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CSE warns Canadian critical infrastructure of Russian-backed cyber threat activity

The Canadian Centre for Cyber Security issued a bulletin warning operators of critical infrastructure in Canada to be aware and take steps to mitigate Russian state-sponsored cyber threat activity.

The Communications Security Establishment (CSE), through Canada’s Cyber Centre, said Wednesday it is aware of foreign cyber threat activities, including Russian-backed actors, to target Canadian critical infrastructure network operators and their operational and information technology.

Citing partners in the U.S. and U.K., the bulletin urges operators to be prepared to isolate critical infrastructure components and services from the internet and internal networks if those components could be considered attractive for a hostile threat to disrupt.

The CSE also warned that organizational vigilance should increase and to enhance security measures in place including patching vulnerabilities, enabling logging and backup, and deploying anti-viral software.

“Have a cyber incident response plan, a continuity of operations and communications plan and be prepared to use them,” the bulletin reads. “Inform the Cyber Centre of suspicious or malicious cyber activity.”

As the dispute between Russia and Ukraine ratchets up, NATO allies including the U.S., Canada and the U.K. have been increasingly involved in attempting to mitigate any moves towards a full-scale invasion by Russia and retaliation by Ukraine.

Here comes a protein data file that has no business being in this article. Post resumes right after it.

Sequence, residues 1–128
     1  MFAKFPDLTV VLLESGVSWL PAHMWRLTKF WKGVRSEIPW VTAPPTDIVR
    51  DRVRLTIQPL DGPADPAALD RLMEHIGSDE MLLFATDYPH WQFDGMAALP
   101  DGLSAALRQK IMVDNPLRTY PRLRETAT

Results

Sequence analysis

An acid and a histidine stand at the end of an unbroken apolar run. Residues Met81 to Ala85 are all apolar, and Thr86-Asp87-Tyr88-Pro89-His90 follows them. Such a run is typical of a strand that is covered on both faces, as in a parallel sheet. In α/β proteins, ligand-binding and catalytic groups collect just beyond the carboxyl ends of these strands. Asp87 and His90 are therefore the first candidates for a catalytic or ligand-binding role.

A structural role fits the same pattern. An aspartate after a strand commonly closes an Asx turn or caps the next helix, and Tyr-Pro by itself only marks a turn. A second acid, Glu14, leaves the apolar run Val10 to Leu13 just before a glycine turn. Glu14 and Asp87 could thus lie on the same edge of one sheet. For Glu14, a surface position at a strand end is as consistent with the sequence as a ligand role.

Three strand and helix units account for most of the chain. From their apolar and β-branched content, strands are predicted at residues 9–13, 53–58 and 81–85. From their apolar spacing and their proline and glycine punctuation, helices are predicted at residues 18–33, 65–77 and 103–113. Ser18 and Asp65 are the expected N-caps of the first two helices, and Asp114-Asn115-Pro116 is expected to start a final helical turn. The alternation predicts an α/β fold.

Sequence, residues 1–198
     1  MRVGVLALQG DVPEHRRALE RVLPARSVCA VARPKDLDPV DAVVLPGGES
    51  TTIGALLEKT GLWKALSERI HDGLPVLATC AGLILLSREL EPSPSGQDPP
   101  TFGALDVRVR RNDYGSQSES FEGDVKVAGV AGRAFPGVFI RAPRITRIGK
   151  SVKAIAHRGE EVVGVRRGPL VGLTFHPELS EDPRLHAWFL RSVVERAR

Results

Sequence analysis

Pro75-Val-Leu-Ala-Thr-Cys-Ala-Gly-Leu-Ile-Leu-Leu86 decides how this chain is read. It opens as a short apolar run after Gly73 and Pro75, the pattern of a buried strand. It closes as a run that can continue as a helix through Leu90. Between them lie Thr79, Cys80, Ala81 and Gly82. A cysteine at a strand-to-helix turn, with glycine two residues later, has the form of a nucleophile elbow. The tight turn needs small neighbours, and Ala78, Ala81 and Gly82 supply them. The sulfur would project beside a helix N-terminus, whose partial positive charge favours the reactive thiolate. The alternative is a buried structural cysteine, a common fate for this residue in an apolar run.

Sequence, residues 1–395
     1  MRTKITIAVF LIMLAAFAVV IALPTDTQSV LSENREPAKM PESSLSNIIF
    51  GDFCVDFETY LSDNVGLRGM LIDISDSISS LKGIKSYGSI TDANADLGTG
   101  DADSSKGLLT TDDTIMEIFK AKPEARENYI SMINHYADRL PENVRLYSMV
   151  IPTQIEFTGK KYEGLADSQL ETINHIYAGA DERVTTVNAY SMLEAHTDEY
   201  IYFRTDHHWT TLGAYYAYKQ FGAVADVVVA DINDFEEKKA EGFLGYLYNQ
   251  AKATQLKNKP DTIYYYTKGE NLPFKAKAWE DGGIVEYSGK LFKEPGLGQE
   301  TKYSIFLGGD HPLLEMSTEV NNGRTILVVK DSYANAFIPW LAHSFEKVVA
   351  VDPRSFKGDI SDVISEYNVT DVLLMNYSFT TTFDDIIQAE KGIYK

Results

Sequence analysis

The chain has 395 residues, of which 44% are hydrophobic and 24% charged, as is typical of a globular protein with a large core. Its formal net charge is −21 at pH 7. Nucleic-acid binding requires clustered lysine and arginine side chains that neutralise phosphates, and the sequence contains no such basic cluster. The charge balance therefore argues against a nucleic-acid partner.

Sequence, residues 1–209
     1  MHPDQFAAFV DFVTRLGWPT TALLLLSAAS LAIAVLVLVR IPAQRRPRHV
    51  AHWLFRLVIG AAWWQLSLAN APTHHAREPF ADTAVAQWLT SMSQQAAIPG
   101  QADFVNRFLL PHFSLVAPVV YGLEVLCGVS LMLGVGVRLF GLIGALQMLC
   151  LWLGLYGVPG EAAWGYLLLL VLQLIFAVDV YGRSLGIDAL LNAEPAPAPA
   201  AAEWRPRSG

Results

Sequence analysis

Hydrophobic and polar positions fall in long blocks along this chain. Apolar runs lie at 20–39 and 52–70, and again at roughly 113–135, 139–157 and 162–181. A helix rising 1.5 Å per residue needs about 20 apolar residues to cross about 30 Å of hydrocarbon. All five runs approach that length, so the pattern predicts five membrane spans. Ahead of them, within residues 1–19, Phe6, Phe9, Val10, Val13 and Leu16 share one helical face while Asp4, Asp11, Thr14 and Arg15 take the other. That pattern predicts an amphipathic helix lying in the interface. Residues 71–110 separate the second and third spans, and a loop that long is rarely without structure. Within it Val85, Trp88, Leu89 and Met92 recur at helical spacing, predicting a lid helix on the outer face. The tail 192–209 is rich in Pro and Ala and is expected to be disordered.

The bulletin also includes links to the CSE National Cyber Threat Assessment for 2020 which included warnings to Canadians about Russian and Iranian online trolls using fraudulent or “bot” accounts to highlight divisions amongst the public on major political issues like terrorism, climate change, pipeline construction and immigration and refugees.

The 2020 Threat Assessment also directly named the state-sponsored programs of Russia, China, Iran and North Korea as posing “the greatest strategic threats to Canada.”

Other relevant information, including a bulletin from Microsoft’s Threat Intelligence Center from Jan. 15 about destructive malware targeting Ukrainian organizations, is highlighted.

Microsoft alleged last year that the Russian-backed hackers responsible for the massive 2020 SolarWinds breach, known as “Nobelium,” have been targeting cloud service companies ever since.



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